In moonless nights, silent as clouds, Zeppelins floated over Britain, the original stealth bombers, raining destruction on military targets and unsuspecting civilians. They flew so high it took planes of the day an hour to climb to their height, and when they got there, their bullets just poked holes in the air bags.
Initially, Germany’s First World War airships provoked helpless outrage.
Zeppelin crews called themselves Knights of the Air; the British called them baby killers.
High-altitude bombing by the German navy’s Zeppelins and the army’s Schütte-Lanz airships was meant not only to damage factories, but to sap the Allies’ will for war. The second goal went unmet, but Zeppelin raids destroyed an estimated one-sixth of British munitions output to 1916.
But by the fall of 1916, Britain was no longer in thrall to Zeppelins. Remote listening stations warned of attacks, and a network of searchlights illuminated airships for anti-aircraft guns and fighter planes that were armed with explosive bullets that could ignite the hydrogen gas that kept them aloft. Planes patrolled all night at the right altitude to intercept. Sixty of the 84 Zeppelins built during the war were lost, half shot down. Perhaps the most significant was the L31.
At 227 metres long and 24 metres wide, L31 was bigger than a battleship. Its 19 gas bags contained 57,000 cubic metres of hydrogen, a gas so explosive crews wore felt boots to prevent static electricity. The ship was equipped with machine guns for defence and carried dozens of incendiary bombs. It had a crew of 19, and was piloted by ace Heinrich Mathy.
“It seems the Zeppelin is in the zenith
of the night, golden like a moon,
having taken control of the sky.”
– D.H. Lawrence
On Oct. 1, 1916, L31 was the only one of 11 raiders to make it to England. It was Mathy’s 15th raid. He cut his engines and attempted to drift silently over London’s wary gun defences. When he turned the engines on at about 11:30 p.m., he was immediately spotted, lit by searchlights, then targeted by anti-aircraft guns and fighter pilot Second Lieutenant Wulstan Tempest.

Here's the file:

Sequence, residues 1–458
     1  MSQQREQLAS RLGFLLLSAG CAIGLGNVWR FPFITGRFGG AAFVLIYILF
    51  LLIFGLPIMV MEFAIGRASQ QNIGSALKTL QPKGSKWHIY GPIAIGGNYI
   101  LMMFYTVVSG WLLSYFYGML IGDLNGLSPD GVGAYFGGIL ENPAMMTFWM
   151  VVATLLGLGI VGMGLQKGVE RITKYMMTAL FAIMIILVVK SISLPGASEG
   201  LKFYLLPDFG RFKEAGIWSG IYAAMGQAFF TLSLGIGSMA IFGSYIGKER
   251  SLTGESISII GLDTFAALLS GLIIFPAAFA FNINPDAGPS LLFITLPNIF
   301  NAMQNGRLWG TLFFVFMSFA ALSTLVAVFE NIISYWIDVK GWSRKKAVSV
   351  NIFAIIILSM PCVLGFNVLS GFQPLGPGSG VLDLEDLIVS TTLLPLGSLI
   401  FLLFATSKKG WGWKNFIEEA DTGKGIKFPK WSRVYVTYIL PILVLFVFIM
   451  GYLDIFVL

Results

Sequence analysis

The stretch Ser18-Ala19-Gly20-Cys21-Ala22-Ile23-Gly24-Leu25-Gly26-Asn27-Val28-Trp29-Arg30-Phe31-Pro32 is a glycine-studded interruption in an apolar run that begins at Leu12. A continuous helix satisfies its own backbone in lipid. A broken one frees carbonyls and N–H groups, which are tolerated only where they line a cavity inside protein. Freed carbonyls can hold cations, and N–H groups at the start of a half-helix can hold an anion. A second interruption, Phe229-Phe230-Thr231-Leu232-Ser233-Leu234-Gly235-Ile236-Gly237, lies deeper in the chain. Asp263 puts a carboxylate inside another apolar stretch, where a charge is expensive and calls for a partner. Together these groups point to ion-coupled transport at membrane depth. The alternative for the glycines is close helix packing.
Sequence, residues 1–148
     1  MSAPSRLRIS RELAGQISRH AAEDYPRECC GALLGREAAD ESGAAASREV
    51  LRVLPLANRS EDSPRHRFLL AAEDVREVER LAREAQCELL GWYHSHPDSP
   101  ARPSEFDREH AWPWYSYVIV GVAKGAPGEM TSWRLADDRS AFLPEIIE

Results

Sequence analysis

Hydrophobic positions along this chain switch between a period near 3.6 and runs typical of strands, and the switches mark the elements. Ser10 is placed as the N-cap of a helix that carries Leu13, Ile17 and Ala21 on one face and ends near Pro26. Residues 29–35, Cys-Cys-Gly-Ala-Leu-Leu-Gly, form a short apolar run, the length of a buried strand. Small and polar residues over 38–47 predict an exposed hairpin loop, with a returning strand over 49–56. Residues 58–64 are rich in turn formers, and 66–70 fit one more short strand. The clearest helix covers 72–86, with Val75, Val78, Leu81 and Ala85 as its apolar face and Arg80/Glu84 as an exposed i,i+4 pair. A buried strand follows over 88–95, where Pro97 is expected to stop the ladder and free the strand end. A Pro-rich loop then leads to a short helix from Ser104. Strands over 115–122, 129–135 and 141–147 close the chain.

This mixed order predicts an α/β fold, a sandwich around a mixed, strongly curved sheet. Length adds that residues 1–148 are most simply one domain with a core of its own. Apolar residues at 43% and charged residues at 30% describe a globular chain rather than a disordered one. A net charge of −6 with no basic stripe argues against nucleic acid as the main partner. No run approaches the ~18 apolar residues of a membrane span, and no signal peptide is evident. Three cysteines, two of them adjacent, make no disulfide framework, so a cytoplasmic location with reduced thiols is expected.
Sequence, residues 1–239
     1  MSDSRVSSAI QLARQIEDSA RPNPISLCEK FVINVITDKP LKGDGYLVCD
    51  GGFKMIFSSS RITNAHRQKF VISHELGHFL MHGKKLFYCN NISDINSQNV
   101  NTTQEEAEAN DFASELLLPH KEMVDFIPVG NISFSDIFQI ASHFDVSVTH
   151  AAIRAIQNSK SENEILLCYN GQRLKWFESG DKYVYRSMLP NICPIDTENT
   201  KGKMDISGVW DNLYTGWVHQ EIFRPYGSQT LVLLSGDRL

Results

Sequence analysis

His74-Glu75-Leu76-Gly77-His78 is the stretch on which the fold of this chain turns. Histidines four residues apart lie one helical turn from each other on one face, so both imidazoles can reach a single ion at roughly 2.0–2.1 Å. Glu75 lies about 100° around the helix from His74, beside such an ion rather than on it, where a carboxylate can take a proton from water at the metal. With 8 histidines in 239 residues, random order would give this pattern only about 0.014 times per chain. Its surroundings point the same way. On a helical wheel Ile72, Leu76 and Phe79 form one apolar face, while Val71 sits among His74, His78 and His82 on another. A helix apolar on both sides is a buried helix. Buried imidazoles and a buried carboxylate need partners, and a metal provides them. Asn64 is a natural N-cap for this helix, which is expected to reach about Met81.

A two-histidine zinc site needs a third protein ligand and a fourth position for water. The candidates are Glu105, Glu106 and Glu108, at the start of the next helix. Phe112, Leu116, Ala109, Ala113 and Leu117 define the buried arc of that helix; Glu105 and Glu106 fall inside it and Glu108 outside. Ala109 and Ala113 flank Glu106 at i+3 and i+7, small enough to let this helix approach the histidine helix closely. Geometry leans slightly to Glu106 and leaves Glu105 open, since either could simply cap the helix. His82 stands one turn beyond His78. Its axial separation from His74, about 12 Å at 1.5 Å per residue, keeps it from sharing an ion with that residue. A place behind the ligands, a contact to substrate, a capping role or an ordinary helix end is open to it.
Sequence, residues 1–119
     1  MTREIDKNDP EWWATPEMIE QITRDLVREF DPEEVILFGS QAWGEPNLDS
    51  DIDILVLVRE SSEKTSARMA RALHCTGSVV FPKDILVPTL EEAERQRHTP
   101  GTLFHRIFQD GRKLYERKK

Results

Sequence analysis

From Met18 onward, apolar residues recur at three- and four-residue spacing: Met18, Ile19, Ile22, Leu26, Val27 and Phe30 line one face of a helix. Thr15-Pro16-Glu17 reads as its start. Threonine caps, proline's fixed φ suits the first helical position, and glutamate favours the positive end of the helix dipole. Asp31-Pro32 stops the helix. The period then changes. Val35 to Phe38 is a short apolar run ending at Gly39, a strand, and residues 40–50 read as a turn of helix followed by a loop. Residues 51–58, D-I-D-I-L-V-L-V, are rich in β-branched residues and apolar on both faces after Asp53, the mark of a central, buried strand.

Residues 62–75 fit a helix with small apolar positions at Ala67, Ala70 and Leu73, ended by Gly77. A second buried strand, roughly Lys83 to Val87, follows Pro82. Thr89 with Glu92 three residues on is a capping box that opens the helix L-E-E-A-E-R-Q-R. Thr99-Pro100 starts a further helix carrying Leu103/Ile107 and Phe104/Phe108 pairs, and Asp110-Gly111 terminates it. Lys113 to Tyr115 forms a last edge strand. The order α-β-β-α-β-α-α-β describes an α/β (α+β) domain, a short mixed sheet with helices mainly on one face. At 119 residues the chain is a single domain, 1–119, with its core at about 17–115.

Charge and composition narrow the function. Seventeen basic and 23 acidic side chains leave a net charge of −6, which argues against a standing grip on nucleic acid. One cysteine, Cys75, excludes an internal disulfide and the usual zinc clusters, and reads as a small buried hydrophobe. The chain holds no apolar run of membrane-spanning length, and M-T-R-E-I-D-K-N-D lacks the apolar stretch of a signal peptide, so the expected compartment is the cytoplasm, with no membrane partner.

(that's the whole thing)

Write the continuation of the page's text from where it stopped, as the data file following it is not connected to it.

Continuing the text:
Tempest and his brother Edmund were immigrants who were farming in Saskatchewan, but returned to England when war broke out. Both became Royal Flying Corps pilots. On this night, Tempest was at the controls of a Bleriot Experimental craft, pumping fuel by hand due to a malfunction. It took him about 20 minutes to reach the Zeppelin, which had jettisoned its bombs and was climbing to a safer height. Though peppered by machine-gun fire, Tempest raked the Zeppelin’s length with incendiary bullets. “I saw her begin to go red inside like an enormous Chinese lantern,” he said. Tempest went into a nosedive, corkscrewing to avoid the flaming hulk as it plunged towards earth.
With no parachutes aboard L31, the crew faced a terrible choice: burn or jump. Mathy jumped.
The Zeppelin crashed just north of London at Potters Bar; Mathy landed nearby, leaving a deep impression in a farmer’s field. Tempest crash landed, fracturing his skull.
Michael MacDonagh reported “a shout of mingled execration, triumph and joy…rising from all parts of the metropolis, ever increasing in force and intensity” from the thousands watching the Zeppelin’s demise.
After this, Zeppelin raids diminished. The German army lost confidence and concentrated on developing fixed-wing aircraft, said historian John Maker of the Canadian War Museum.
Tempest’s ground crew fashioned a memento from his splintered propeller. Tempest was awarded the Distinguished Service Order and later flew 34 bombing missions, earning the Military Cross.
By the numbers
first Zeppelin flight
Zeppelin bombs dropped
Zeppelin raids 1914-18
raids in 1918